Temporary Iraq War Memorial

How many Iraqis have died since the U.S. led invasion in 2003?
U.S. General Tommy Franks famously said, “We don’t do body counts.”  The Bush administration coyly suggests the total is fewer than 100,000, while [link=””]The Lancet[/link] famously reported 655,000 deaths in 2006.  A recent study by [link=”″]Opinion Research Business[/link] puts the number at over 1,200,000, with nearly a quarter of Iraqi households losing at least one member to the war since 2003, or roughly 1 in 23 Iraqis dead.
[link=””]The Iraq Body Count Exhibit[/link] (IBCE), in conjunction with [link=””]Peace House[/link], erected a temporary memorial to the fallen in Iraq, canvasing the entire length of the Southern Oregon University campus in the lawns adjacent Siskiyou Boulevard.  One tiny flag represents five deaths–white for Iraqis, red for Americans.  IBCE is clearly using the two-year-old Lancet figure in their tribute to the Iraqi dead, though a volunteer helping to drive the 130,000 flags into the grass suggested this was a budgetary/resource limitation, rather than a matter of accuracy.  Had IBCE used the latest estimates, the memorial would require a quarter-million flags, which likely would’ve consumed every inch on grass on the SOU campus.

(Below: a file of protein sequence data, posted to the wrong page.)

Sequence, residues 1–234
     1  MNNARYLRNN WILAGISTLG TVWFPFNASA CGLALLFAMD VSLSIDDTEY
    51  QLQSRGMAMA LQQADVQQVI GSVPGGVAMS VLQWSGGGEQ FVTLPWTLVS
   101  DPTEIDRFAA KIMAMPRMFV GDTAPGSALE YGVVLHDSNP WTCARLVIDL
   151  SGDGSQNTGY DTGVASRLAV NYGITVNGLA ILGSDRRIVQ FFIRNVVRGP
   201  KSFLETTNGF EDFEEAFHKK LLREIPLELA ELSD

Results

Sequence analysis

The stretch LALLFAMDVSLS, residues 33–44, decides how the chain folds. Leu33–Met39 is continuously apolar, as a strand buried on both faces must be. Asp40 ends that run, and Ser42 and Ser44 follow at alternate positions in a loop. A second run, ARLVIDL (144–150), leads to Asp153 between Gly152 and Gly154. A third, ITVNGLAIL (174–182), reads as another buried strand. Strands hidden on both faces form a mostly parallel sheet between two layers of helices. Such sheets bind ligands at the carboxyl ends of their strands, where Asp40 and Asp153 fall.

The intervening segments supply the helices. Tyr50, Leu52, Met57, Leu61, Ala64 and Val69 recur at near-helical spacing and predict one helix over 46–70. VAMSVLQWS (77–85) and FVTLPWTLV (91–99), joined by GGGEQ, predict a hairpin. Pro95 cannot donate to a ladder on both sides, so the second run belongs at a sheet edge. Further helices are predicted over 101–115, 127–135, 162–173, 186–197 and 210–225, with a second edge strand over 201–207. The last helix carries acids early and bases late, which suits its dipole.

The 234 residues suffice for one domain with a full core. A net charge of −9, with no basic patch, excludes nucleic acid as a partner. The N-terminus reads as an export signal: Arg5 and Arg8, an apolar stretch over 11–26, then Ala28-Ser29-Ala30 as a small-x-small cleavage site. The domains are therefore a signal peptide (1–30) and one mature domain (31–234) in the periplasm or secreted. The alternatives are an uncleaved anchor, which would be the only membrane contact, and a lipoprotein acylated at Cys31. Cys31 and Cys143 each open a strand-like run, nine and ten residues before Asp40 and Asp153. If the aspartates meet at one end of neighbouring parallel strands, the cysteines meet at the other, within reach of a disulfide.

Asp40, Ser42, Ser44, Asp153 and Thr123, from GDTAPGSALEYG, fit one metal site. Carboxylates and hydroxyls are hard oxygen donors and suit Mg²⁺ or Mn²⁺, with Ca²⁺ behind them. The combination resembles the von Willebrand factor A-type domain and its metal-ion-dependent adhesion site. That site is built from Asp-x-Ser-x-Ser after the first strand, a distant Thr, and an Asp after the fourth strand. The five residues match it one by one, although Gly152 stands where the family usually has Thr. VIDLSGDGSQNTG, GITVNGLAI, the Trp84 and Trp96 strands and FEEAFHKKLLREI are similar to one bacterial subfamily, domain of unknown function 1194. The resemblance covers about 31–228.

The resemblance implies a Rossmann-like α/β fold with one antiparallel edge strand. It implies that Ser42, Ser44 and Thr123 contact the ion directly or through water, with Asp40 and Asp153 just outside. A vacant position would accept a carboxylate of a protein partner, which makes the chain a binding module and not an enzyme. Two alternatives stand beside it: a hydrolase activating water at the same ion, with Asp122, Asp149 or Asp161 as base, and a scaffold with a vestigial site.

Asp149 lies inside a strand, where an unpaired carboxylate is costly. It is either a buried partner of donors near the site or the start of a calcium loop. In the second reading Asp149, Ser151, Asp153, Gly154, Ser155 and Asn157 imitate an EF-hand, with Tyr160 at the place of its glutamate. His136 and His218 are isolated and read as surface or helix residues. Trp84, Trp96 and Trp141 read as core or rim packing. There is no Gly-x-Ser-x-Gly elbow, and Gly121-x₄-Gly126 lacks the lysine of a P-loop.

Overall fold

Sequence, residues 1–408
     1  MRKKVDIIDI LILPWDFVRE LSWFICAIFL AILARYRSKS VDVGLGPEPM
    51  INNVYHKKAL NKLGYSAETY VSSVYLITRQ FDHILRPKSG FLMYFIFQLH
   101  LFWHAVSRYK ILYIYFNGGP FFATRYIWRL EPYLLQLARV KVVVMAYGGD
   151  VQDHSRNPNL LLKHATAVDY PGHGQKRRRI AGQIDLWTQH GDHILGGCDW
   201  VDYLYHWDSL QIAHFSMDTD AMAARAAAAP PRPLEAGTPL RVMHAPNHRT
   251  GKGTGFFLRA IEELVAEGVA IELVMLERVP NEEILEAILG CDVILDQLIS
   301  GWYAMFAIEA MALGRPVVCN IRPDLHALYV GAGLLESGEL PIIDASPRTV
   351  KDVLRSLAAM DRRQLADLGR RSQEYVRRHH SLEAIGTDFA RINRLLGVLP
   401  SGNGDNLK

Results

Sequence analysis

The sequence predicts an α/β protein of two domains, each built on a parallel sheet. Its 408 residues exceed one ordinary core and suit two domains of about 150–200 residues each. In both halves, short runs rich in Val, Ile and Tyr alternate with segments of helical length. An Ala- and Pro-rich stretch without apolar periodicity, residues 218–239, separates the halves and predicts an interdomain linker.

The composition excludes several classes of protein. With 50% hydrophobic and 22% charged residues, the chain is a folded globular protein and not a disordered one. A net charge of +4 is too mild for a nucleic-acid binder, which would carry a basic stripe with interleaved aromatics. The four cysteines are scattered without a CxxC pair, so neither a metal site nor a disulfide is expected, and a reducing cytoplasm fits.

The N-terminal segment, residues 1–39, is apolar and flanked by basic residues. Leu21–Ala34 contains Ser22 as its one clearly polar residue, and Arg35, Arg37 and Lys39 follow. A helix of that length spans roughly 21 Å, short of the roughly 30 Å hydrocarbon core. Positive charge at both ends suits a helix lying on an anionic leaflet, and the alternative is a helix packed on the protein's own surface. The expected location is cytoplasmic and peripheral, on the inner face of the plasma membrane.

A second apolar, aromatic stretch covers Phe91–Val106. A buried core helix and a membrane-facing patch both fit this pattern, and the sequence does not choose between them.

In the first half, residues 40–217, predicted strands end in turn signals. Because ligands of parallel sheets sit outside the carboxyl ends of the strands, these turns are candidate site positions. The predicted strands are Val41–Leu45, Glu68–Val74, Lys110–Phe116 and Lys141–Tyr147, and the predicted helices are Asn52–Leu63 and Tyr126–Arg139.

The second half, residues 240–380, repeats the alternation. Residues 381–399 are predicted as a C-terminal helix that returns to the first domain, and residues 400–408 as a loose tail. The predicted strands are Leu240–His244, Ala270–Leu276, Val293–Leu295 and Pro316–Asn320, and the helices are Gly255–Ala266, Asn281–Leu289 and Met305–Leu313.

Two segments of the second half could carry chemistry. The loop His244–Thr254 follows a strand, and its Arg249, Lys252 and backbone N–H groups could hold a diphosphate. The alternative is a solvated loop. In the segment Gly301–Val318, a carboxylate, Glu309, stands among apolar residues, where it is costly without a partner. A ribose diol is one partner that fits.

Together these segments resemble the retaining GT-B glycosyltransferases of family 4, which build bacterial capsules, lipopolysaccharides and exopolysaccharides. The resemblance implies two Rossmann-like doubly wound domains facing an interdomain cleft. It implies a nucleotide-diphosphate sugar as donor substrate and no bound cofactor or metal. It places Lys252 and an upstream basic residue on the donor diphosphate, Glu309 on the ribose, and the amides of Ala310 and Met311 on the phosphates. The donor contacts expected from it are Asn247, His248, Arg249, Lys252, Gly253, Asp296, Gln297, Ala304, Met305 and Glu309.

Strolling along the boulevard, trying to find the photograph that encompassed the greatest number of flags, I realized it was impossible.  I couldn’t even shoot a third of them at once.  Just like I couldn’t capture this vast memorial on my Canon, are we capable of visualizing the dead of Mesopotamia?  The continued ambiguity over the actual number of dead only further distorts this shocking reality.
Nor can we dismiss the dead as enemy combatants.  The wildest estimates of al-Qaeda and the global jihaddist movement’s membership rarely exceed 30,000, with most estimates closer to 18,000.   Estimates for the “legitimate” Iraqi insurgency are virtually identical.  The overwhelming majority are innocent civilians.
Ultimately, numbers and symbols are poor substitutes for an individual human being’s story, murdered by a conflict beyond their control.  ICBE states on their website that the exhibit is not political, and the numbers speak for themselves–a statement I find, despite my admiration for their memorial, false.
The memorial comes down on May 3, so do take a few minutes to wander among the flags before it ships off to Sacramento.
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